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OER and ZTC for Faculty: What are OER?

Faculty Guide on Open Educational Resources (OER) and Zero Textbook Cost (ZTC) classes.

What Are Open Educational Resources (OER)?

There is a lot to learn about Open Educational Resources (OER) and Zero Textbook Costs (ZTC) classes. Here are a few definitions to get you started:

OER - Open Educational Resources (OER) refers to a work's license meaning they have open licenses. This means that the copyright owner retains few if any rights. You can use, reuse, adapt, and distribute however you would like so long as you follow the terms of the license.

ZTC - Zero Textbook Cost (ZTC) refers to the cost of a course. It is used as a course designation and indicates that there is no textbook cost for the course. These courses might use library resources or other free resources that are not OER.

More Definitions of OER 

What Can You Do With OER?

OER are more flexible than traditional textbooks because of their less restrictive licenses. Here are 5 things that you can do with OER in their most open form. For more information about copyright and licensing please see the copyright and licensing section of this guide. 

Retain - the right to make, own, and control copies of the content (e.g., download, duplicate, store, and manage)

Reuse - the right to use the content in a wide range of ways (e.g., in a class, in a study group, on a website, in a video)

Revise - the right to adapt, adjust, modify, or alter the content itself (e.g., translate the content into another language)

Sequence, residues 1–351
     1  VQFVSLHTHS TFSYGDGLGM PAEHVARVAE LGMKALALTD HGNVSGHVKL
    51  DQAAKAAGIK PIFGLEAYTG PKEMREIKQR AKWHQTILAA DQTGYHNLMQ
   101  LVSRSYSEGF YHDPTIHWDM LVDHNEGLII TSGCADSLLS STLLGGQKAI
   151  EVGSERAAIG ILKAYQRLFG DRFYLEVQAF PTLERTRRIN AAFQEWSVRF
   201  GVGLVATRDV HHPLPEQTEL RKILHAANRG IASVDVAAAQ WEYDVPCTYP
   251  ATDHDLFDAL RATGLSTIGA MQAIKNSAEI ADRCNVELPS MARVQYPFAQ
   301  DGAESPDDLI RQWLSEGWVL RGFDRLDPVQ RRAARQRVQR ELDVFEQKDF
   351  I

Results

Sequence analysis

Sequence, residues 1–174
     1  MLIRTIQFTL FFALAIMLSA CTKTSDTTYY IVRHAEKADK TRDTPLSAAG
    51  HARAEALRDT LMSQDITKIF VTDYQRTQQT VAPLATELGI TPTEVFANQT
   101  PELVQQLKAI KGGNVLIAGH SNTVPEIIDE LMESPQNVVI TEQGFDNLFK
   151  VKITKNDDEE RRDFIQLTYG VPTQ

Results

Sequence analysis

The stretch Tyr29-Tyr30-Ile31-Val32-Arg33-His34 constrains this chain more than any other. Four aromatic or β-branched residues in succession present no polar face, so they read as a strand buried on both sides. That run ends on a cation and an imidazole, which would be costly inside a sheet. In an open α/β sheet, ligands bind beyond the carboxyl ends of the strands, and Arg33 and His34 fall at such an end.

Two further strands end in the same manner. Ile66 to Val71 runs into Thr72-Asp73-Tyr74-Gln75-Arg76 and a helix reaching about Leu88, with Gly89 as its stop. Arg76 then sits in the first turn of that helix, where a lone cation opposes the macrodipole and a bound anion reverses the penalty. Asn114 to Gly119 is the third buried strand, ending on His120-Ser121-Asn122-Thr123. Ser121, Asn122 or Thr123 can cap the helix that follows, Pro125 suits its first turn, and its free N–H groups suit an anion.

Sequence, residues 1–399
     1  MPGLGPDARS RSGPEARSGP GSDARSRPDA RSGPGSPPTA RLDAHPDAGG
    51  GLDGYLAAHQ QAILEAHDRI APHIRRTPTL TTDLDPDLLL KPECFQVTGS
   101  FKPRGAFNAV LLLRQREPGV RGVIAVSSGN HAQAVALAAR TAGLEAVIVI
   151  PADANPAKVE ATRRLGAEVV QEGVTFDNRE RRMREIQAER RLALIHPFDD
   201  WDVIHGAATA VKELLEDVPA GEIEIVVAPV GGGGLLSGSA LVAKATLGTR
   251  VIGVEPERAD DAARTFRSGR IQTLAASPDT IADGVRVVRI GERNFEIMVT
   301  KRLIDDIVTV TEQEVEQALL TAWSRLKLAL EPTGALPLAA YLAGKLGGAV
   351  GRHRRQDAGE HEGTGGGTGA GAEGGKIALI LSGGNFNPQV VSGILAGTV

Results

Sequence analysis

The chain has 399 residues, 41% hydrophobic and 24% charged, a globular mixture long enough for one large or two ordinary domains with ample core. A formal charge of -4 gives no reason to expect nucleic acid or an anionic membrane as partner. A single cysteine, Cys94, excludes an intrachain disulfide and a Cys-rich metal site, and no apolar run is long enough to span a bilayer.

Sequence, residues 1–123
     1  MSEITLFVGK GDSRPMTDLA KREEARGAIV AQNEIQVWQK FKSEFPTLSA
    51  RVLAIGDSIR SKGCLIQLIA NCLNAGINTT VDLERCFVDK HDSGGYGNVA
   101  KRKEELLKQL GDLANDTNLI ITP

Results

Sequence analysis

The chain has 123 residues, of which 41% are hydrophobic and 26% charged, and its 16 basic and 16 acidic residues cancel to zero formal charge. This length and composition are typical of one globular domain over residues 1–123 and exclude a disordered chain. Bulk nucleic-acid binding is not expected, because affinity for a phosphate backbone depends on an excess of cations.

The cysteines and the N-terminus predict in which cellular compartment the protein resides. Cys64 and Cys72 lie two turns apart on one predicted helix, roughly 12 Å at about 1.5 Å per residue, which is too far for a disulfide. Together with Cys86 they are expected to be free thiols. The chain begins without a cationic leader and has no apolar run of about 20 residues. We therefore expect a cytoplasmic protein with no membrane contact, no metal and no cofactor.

Remix - the right to combine the original or revised content with other material to create something new (e.g., incorporate the content into a mashup)

Redistribute - the right to share copies of the original content, your revisions, or your remixes with others (e.g., give a copy of the content to a friend)

Contact and More Information

Rachel Arteaga
Reference, Instruction, OER Librarian
ASCCC OERI Liaison for Butte College

Why Use OER?

There are many reasons to use OER in your courses. Here are just a few:

  • Affordable - students save money
  • Flexible - redistribute and reuse content
  • Customizable - revise and remix
  • Up to date - add the latest research, events, information
  • Accessible - can be more accessible than print copies
  • Beneficial to all - knowledge can be freely and widely distributed around the world

Want to know what the research says about OER? Check out The Review Project which “provides a summary of all known empirical research on the impacts of OER adoption .”

Creative Commons License  Unless otherwise noted, this work is licensed under a Creative Commons Attribution 4.0 International License